I Want To Drop My Insurance Coverage And My Employer Will Not Let Me. Can They Do That?
If you have been wondering if you can cancel your health insurance at any time, we got the answer for you. An employee can voluntarily cancel coverage at any time only if the company is not having employee premium contributions deducted pre-tax. If the answer is YES, they are enrolled in a Section 125 Plan and cannot change that until Open Enrollment or a Qualifying Life Event. So, if your share of the premium comes out of your paycheck pre-tax, or if pre-tax is an option even if you did not elect it, then Section 125 applies.
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UPDATED: Jul 16, 2021
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Employer-based healthcare is the most common type in the United States. Depending on the state you’re in, the rules can vary. Obamacare requires every state to meet certain standards, but they can be higher in states like Hawaii. Of course, there are times when you don’t necessarily want a workplace plan. Maybe your spouse has coverage for your family. In some cases, you might just not like the plan they offer. If you prefer a marketplace plan, you may end up paying a higher monthly premium because your employer is offering an alternative health plan. But if you meet the right qualifications, you could choose alternative coverage.
In many cases, not only can the employer refuse to allow you to terminate and drop your insurance coverage, they must. Federal law limits when an employee may add, subtract or change coverage or coverage options.
Assuming that you have a traditional health insurance plan, the likelihood is very high that it is subject to Section 125 (of the IRS code) rules. If your share of the premium comes out of your paycheck pre-tax, or if pre-tax is an option even if you did not elect it, then Section 125 applies.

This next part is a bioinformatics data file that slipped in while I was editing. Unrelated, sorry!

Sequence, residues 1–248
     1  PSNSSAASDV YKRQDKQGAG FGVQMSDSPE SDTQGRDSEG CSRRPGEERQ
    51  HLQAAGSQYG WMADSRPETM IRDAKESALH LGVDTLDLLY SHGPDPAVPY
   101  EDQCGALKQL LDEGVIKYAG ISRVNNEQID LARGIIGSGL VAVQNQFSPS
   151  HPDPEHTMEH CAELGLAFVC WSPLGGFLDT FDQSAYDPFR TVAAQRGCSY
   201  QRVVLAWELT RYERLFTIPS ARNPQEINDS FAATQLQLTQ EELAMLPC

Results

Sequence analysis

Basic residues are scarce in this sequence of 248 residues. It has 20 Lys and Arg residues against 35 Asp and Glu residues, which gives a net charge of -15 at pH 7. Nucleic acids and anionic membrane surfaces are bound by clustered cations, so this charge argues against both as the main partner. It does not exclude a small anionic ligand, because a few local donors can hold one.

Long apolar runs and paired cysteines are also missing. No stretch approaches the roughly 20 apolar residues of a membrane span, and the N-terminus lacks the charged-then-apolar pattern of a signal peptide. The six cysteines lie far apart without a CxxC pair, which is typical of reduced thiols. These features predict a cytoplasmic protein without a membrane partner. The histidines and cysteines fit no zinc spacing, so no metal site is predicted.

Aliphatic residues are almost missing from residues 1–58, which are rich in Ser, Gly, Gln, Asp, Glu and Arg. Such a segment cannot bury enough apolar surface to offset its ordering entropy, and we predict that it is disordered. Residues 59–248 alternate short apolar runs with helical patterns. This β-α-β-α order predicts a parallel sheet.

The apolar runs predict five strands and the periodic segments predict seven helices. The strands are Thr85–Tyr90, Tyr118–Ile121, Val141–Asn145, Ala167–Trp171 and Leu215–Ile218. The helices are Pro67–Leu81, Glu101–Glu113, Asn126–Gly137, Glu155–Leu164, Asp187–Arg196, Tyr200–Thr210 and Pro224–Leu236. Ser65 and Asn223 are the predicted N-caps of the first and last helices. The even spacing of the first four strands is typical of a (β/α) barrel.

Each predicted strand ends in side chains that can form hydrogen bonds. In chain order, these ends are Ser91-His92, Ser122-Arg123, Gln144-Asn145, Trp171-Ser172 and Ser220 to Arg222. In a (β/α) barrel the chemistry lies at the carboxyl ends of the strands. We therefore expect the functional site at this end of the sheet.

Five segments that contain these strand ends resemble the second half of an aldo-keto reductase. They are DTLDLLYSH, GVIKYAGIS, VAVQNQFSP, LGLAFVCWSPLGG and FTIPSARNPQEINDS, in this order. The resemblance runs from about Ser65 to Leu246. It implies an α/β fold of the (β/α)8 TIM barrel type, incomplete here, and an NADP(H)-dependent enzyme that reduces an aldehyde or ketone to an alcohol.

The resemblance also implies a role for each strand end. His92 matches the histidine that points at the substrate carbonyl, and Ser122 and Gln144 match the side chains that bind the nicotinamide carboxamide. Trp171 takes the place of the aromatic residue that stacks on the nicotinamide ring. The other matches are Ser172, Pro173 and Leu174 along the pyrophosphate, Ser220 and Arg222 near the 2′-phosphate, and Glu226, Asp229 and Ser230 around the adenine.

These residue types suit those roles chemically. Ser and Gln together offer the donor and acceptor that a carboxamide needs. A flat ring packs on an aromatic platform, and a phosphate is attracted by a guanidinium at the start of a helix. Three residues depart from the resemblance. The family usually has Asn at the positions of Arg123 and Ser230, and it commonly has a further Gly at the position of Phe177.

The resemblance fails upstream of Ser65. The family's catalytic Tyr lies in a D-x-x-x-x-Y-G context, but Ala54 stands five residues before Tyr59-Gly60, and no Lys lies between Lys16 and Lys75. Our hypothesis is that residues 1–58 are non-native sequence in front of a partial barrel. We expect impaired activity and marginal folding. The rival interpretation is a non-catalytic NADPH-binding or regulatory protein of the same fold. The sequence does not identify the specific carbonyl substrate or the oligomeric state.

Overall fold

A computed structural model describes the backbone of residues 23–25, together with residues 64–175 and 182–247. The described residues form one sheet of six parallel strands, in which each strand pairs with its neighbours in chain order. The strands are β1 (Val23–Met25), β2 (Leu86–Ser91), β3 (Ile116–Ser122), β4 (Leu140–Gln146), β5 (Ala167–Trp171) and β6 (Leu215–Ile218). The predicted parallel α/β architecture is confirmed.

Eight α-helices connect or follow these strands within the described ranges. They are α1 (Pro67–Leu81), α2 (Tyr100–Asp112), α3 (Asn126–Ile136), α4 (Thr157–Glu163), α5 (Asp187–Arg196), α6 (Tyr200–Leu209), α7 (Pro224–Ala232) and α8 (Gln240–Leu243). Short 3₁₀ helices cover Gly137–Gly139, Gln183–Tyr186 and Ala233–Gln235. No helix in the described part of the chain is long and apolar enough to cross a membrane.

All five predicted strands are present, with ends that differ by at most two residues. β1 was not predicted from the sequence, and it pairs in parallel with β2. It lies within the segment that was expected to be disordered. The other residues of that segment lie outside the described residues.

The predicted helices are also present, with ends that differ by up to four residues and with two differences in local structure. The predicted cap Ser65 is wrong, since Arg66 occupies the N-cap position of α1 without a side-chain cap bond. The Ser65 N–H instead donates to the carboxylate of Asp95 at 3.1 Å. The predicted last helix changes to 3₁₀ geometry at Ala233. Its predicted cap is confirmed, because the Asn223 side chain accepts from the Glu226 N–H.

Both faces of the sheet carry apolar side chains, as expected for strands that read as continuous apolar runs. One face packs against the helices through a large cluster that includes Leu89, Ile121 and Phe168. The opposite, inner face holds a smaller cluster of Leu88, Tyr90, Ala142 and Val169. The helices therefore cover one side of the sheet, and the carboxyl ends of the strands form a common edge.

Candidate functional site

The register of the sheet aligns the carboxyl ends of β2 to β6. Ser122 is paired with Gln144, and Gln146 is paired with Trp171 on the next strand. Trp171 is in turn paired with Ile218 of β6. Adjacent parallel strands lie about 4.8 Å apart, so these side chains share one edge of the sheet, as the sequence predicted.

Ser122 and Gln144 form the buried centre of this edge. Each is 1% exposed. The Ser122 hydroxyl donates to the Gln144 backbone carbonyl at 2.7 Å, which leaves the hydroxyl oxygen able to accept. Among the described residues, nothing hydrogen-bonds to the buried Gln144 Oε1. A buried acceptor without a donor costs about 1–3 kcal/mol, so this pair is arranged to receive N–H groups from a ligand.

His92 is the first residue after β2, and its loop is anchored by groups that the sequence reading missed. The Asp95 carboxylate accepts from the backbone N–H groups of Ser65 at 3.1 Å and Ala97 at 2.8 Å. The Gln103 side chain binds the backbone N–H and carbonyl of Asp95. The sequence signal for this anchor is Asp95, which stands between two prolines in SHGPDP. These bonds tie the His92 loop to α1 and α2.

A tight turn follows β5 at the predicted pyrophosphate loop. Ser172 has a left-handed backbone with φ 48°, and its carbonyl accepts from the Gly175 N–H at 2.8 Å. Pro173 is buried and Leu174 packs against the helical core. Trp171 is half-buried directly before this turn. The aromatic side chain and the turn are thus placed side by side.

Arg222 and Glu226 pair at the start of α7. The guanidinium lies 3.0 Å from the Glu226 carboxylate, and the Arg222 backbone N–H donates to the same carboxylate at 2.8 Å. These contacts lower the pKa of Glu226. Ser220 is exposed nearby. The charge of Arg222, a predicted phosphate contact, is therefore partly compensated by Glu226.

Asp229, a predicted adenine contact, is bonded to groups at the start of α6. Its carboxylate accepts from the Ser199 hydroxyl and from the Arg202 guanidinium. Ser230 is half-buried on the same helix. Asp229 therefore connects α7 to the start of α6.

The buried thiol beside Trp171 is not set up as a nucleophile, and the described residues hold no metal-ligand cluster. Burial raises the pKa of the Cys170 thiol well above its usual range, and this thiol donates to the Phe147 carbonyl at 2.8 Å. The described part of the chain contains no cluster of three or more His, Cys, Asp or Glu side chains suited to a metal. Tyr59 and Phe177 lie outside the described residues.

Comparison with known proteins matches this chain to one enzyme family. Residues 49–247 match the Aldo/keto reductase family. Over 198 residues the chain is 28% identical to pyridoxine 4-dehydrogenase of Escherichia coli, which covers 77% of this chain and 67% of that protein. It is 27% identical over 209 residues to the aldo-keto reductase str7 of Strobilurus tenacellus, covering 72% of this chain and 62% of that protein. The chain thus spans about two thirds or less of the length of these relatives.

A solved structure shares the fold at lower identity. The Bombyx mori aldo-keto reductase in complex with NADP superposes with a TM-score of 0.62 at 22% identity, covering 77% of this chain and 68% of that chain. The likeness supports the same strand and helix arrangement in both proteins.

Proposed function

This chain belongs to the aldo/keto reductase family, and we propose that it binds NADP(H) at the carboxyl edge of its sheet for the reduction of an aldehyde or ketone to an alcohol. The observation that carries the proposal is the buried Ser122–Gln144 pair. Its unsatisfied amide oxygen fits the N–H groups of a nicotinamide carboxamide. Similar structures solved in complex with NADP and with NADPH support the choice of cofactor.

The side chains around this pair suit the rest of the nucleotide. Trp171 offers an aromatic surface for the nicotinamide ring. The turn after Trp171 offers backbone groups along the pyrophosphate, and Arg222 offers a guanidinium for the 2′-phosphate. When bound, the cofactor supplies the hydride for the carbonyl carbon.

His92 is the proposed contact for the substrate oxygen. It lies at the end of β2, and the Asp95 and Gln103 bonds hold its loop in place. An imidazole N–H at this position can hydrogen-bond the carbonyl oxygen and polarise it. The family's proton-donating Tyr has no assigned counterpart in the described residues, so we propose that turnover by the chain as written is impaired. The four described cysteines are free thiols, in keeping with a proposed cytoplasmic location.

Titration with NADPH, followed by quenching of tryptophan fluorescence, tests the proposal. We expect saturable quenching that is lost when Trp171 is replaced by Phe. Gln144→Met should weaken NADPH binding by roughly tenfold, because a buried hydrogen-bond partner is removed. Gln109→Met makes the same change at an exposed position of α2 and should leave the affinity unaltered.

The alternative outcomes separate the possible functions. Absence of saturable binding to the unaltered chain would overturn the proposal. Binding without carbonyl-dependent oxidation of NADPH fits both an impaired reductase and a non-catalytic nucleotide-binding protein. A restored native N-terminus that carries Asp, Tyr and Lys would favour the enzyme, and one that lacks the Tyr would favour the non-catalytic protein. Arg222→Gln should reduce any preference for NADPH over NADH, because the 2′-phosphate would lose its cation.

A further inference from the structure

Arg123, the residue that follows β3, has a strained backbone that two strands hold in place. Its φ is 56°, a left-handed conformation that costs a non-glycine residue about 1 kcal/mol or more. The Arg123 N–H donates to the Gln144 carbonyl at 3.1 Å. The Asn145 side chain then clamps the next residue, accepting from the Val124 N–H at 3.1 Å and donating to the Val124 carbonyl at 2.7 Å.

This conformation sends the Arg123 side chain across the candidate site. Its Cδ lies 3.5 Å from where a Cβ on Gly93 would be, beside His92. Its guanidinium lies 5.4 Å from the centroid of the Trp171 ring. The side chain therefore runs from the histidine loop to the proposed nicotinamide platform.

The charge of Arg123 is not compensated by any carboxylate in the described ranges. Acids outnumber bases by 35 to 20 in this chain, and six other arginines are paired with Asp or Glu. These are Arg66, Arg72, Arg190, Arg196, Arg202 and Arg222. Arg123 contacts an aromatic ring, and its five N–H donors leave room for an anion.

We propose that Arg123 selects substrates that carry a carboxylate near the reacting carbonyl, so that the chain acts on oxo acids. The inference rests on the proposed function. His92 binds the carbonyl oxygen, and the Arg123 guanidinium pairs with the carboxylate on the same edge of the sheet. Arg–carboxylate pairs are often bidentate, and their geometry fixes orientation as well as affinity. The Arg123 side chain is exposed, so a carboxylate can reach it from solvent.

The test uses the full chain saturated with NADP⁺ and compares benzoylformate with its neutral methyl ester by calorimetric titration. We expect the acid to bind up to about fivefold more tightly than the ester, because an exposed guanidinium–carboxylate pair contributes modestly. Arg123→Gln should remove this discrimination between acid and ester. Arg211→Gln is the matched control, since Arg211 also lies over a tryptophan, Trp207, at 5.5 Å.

What If I Want to Change My Insurance Company or Coverage?
One of the requirements for that pre-tax status is that once you have made your coverage choices, changes can be made only within 30 days of a qualifying event, or during the next open enrollment period. The open enrollment period can be any time of year and is generally tied to the renewal of the policy. The most common times for open enrollment is mid-to-late fall (for changes to be effective January 1) or mid-spring (for changes to be effective July 1).
Qualifying events: A qualifying event for health insurance coverage would be things like when you’re hired on, the birth of a child, marriage, etc. Health insurance companies lay these events out for reference as needed. If you have questions regarding why, you can always ask your employer or the insurance company. Sometimes, it comes down to company policy. In general, if you have other coverage or meet certain qualifications, they should allow you to drop their healthcare and avoid deductions from your paycheck.
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What If an Employer’s Health Care Doesn’t Meet Minimum Standards?
With a national standard, this is unlikely in many states. However, employers in states like Hawaii do sometimes choose plans that do not conform to state laws. If your state has stricter rules, employers are required to submit plans for approval, and this does not change because they have offices in other states.
If you have concerns about the individual health insurance you’re getting in relation to state laws, you can contact your state offices. They can clarify for you what the requirements are and what, if any, protections you’re entitled to.
If you’ve been asking yourself whether you can drop insurance at any time, read on to learn more. Or enter your ZIP code.
How Do Qualifying Events Work for the Health Insurance Marketplace?